AS RESEARCHERS, PHARMA companies, and governments around the world are racing to make a vaccine against the pandemic coronavirus in record time, there’s a growing concern that many Americans won’t want it when it arrives. In a series of recent polls, only about half of US adults say they would get a Covid-19 vaccine, even though more than 1,000 people are still dying from the disease every day in the US. Some of those surveyed are rightly concerned about the perils of rushed science. But according to one poll conducted by Yahoo News/YouGov, more than a quarter of Americans would decline a shot in part because they believe Microsoft cofounder Bill Gates is trying to slip them a microchip.
Conspiracy theories thrive in times of great uncertainty, and the coronavirus pandemic has proven to be a petri dish for particularly harmful ones. This one can be traced back to May 4, when a little-known filmmaker named Mikki Willis posted a 26-minute video called Plandemic to Facebook, YouTube, Vimeo, and a designated website. It featured a discredited scientist describing a bizarre, unsubstantiated plot by global elites like Gates to use a vaccine against the virus to seize power. These ideas, hailing from many sources, had already been swirling on many parts of the internet and were congealing into a narrative involving Gates and microchips, but the Plandemic video became their biggest signal boost. According to an analysis by The New York Times, the video spent about three days incubating on Facebook pages dedicated to conspiracy theories and the anti-vaccine movement. Then, like any efficient pathogen, it went viral. Just a week after its release, the now widely debunked video had been viewed more than 8 million times.
But it didn’t have to be that way. So says Joe Smyser, CEO of the Public Good Projects, or PGP, a public health nonprofit that specializes in using social network analysis to implement large-scale behavioral change programs. His group has built online surveillance tools for tracking outbreaks of misinformation, disinformation, and downright conspiracies. He says they saw most of the sharing activity that fueled this particular theory’s eventual virality within the first 24 hours. “It was right there in the data,” he says. “We didn’t have to wait days to respond to it, because the outcome was predictable. What was lacking was coordination.”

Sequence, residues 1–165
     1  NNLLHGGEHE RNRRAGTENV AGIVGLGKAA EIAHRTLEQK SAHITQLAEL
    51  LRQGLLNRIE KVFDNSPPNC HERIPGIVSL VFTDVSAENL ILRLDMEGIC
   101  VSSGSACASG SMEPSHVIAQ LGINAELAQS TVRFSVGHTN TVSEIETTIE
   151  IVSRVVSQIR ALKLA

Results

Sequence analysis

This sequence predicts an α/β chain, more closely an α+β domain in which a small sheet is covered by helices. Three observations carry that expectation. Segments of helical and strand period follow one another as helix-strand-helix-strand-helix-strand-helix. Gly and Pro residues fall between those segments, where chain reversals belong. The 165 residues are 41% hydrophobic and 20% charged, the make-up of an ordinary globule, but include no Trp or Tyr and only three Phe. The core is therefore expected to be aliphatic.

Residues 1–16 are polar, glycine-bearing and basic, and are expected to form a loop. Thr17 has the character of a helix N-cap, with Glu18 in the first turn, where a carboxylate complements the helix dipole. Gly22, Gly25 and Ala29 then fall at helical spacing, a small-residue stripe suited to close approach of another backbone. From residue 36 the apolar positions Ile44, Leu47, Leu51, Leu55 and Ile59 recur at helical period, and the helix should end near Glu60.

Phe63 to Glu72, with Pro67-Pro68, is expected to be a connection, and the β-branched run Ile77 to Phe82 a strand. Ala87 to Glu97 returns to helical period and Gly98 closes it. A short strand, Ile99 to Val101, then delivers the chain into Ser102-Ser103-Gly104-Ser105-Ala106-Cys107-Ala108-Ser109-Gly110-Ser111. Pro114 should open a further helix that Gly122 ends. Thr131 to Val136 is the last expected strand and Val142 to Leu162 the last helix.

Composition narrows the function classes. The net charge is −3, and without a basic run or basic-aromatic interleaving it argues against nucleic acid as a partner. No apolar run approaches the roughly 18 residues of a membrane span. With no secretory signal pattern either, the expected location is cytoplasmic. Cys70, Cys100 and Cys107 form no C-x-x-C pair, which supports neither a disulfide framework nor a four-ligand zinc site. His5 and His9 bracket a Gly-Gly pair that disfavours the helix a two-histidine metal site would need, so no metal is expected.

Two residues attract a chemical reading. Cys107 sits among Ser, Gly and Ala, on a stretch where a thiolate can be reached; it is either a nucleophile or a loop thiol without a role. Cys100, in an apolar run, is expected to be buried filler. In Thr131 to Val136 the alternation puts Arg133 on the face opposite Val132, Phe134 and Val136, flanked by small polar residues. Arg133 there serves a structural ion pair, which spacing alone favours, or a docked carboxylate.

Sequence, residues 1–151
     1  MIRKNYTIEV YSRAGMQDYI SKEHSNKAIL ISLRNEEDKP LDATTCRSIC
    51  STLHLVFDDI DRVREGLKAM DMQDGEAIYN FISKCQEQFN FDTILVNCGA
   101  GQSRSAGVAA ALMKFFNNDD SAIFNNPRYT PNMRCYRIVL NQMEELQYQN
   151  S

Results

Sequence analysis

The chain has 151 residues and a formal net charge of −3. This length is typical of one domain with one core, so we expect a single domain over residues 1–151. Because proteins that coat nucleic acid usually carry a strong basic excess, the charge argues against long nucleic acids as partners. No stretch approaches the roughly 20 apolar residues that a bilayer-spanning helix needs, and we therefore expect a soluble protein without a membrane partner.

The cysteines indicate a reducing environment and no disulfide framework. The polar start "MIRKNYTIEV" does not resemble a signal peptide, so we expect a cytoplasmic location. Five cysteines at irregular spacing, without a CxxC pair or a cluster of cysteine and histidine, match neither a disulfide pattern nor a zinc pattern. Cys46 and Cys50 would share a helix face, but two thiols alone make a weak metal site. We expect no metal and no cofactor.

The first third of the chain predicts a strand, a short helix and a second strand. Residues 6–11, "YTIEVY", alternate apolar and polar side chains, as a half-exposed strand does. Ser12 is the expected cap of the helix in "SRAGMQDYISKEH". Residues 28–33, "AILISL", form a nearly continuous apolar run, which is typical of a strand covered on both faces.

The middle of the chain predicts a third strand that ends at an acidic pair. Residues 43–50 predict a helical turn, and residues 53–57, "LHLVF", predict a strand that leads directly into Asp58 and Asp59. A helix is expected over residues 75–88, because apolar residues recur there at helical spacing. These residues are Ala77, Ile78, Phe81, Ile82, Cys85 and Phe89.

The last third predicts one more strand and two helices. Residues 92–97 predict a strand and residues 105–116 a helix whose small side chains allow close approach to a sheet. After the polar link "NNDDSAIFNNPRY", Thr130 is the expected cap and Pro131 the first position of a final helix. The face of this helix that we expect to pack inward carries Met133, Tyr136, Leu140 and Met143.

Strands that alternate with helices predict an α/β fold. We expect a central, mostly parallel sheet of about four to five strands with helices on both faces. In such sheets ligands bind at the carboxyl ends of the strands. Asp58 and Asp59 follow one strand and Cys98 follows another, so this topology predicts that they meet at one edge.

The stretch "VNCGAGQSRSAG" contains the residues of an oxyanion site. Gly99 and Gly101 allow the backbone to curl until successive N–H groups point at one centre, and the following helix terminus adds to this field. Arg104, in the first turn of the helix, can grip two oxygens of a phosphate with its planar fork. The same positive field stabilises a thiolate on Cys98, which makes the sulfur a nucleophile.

Smyser wants to bring coordination to combating a growing anti-vaccine movement that contributed to a record outbreak of measles last year—the worst in four decades. This week, his organization is launching a vaccine advocacy campaign unlike any other before.
Calld Stronger, it aims to take the fight to anti-vaccine organizers where they’ve long had the upper hand: on social media. To do so, PGP plans to conscript the vast but largely silent majority of Americans who support vaccines into any army of keyboard warriors trained to block, hide, and report vaccine misinformation. (According to a recent Gallup poll, 84 percent of Americans say vaccinating children is important.) The effort is backed by a number of pro-immunization coalitions and the National Foundation for Infectious Diseases, and has funding from BIO, the world’s largest biotechnology lobbying group. “We have this tradition in the US that vaccines are solely the domain of public health workers who are trained to not get into fights,” says Smyser. “I think that’s a very antiquated perspective, and it’s left those on the public health side completely outgunned in this new era of social media.”
For nearly as long as there have been vaccines, public health agencies have shied away from a combative approach with people who disagree with their recommendations. Vaccines are unequivocally one of the most transformative technologies in human history. Until vaccines eradicated smallpox, the disease killed millions of children each year—between 300 million to 500 million during the 20th century alone. In 1988, at the start of a worldwide vaccine campaign, approximately 350,000 children were paralyzed by polio each year. In 2018, the virus sickened just 33.
Up until the late 1990s, public health officials in the US were able to rely on this fact; vaccines spoke for themselves. They worked so well that diseases like measles began to fade from public consciousness. But that meant they didn’t seem so scary anymore. So when a now-discredited bit of fraudulent science that linked childhood vaccines with autism showed up in 1998, at the same time that news and socializing was starting to migrate online, doubts about vaccines found fallow ground and became the seeds of the modern anti-vaccination movement.
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